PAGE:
AMP Stories will Bring Snapchat-Inspired News Format to Google Search Results

by: - Last updated on: February 13th, 2018

If you think there were not enough manifestations of Snapchat’s Stories format, I have some news for you. Google is introducing a similar way of delivering stories to AMP, the search engine’s custom platform for rendering articles on smartphones. Through AMP Stories, publishers will let you tap through quick bits from their news stories in a carousel of slideshow content.

google amp stories

AMP Stories is still in a developer preview and can take months to flood your search results. To kick things off, Google has a bunch of partners including A CNN, Conde Nast, Hearst, Mashable, Meredith, Mic, Vox Media, and The Washington Post. Anyone can, however, employ them for free now. While Google isn’t yet clearly mentioning where and how these stories will surface, places like the “Top Stories” section, Google Feed seem like obvious destinations.

AMP Stories largely resemble the concept Snapchat offers with its Discover tab. Content published under it will be a mix of images, videos, text and can be scrolled through by tapping either the left or right side. For now, Google says it’s not monetizing AMP Stories but it’s very well possible once it officially rolls out for everyone. You can take a look at some of the early AMP Stories by searching for a publisher at this link on your phone. If you’re a publisher and want to add the format, follow this link.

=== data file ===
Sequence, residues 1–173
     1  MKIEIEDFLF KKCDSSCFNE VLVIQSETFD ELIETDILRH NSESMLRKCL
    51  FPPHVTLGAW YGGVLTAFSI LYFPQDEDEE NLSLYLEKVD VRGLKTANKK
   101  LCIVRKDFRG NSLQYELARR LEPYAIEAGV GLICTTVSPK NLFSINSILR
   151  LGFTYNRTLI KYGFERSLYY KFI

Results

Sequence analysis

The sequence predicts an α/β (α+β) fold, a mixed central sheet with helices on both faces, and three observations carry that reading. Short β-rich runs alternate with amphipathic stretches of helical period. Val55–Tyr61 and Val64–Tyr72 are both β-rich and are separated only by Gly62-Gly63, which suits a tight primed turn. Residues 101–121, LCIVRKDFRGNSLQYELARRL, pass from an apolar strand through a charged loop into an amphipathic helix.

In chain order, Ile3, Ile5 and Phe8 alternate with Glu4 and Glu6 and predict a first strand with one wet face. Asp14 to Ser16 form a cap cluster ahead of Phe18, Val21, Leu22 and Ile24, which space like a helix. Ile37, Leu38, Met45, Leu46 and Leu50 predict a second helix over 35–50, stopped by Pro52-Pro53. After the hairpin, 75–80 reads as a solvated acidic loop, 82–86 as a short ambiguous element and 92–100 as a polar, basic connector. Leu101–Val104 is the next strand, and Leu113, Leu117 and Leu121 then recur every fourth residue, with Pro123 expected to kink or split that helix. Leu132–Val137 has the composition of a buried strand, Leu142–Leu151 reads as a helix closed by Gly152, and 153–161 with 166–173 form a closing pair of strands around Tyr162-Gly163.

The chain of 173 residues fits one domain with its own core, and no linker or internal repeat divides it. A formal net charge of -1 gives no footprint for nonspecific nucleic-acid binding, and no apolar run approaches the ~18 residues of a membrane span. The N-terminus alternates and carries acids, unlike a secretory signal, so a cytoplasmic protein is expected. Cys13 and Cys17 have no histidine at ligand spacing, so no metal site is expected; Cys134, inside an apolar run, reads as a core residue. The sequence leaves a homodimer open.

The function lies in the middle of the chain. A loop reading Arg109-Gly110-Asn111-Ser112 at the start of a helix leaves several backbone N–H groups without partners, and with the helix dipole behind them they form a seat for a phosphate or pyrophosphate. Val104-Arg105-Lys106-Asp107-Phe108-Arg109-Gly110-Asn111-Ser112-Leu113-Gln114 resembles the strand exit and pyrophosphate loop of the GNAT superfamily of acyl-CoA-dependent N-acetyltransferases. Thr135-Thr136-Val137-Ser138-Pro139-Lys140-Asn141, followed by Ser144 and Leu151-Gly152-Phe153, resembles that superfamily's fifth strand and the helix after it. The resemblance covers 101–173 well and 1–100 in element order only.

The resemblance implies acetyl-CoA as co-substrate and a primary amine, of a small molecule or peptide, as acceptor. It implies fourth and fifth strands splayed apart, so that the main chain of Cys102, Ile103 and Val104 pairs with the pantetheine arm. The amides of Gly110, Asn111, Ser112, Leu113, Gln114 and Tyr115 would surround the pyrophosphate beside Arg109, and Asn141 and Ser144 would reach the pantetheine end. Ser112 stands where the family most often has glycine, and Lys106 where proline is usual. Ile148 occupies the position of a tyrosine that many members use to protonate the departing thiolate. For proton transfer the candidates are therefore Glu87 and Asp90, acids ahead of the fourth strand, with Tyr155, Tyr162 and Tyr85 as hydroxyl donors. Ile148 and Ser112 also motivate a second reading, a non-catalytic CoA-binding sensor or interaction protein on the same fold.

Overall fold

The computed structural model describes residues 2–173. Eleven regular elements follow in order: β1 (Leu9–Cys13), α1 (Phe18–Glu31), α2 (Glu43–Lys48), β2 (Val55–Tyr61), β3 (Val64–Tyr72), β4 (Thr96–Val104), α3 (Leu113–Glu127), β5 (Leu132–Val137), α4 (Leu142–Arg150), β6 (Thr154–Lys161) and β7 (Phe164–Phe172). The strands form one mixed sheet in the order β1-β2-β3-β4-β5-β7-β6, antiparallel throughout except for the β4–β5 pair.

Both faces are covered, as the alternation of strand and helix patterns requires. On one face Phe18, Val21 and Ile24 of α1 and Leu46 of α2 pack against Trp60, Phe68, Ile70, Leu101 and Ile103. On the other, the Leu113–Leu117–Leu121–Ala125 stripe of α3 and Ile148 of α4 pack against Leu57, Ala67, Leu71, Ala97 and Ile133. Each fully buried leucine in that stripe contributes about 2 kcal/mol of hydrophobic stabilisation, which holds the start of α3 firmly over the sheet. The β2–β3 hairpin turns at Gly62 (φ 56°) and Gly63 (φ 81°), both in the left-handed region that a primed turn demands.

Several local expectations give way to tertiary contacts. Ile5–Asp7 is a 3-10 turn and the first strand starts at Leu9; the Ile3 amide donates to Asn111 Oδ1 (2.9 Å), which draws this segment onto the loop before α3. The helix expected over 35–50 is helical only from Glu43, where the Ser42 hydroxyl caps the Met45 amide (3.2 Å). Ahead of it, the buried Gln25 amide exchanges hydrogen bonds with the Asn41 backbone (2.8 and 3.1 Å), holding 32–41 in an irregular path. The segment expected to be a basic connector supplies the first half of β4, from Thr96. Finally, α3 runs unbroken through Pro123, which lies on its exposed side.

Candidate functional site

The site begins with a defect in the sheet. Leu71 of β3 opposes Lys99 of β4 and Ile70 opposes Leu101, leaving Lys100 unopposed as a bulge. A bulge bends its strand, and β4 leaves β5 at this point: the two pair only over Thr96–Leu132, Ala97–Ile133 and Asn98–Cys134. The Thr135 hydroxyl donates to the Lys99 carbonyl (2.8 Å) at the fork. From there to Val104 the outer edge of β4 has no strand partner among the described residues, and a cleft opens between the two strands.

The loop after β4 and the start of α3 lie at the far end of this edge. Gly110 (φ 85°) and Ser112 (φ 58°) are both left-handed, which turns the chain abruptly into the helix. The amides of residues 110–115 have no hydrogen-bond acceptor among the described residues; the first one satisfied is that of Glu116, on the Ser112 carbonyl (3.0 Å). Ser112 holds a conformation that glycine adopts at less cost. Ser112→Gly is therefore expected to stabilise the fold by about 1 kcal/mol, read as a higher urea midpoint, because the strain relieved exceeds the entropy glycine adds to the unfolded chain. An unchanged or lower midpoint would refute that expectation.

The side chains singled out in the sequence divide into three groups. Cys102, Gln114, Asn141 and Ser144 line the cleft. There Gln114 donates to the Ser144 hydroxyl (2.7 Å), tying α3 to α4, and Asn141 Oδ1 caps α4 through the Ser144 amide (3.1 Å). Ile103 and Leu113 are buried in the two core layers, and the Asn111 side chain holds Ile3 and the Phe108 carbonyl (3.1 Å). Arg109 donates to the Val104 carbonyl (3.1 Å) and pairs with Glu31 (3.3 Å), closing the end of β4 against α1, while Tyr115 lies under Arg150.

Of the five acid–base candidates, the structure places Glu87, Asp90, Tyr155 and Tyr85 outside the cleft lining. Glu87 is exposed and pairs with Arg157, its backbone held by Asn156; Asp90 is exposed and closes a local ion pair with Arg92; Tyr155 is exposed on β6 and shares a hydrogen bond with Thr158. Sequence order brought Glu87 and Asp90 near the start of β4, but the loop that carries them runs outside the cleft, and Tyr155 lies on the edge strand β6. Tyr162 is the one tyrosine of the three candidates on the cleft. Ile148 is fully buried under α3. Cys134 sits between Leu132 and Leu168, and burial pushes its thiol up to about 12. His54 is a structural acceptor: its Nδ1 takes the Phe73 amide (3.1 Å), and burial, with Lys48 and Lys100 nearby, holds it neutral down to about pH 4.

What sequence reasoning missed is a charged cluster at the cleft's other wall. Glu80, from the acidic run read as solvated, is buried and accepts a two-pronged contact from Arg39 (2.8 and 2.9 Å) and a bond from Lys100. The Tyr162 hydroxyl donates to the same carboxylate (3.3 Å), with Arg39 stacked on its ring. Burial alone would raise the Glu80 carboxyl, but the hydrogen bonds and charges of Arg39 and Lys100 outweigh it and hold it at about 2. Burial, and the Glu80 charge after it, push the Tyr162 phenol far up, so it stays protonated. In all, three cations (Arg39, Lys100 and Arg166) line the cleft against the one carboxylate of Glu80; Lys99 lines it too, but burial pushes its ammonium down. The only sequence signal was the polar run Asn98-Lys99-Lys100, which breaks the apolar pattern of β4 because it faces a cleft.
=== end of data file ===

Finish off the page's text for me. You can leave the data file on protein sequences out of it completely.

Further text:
News formats have been going through an existential crisis for the last few years as platforms continue to tussle for a new way to make them more tempting for mobile users. And AMP Stories seems like yet another shot at it. Considering the users Google’s search engine sustains, it’s possible AMP Stories might just take off.

AMP stories aim to make the production of stories as easy as possible from a technical perspective. The format comes with preset but flexible layout templates, standardized UI controls, and components for sharing and adding follow-on content.“, added Google in a blog post.

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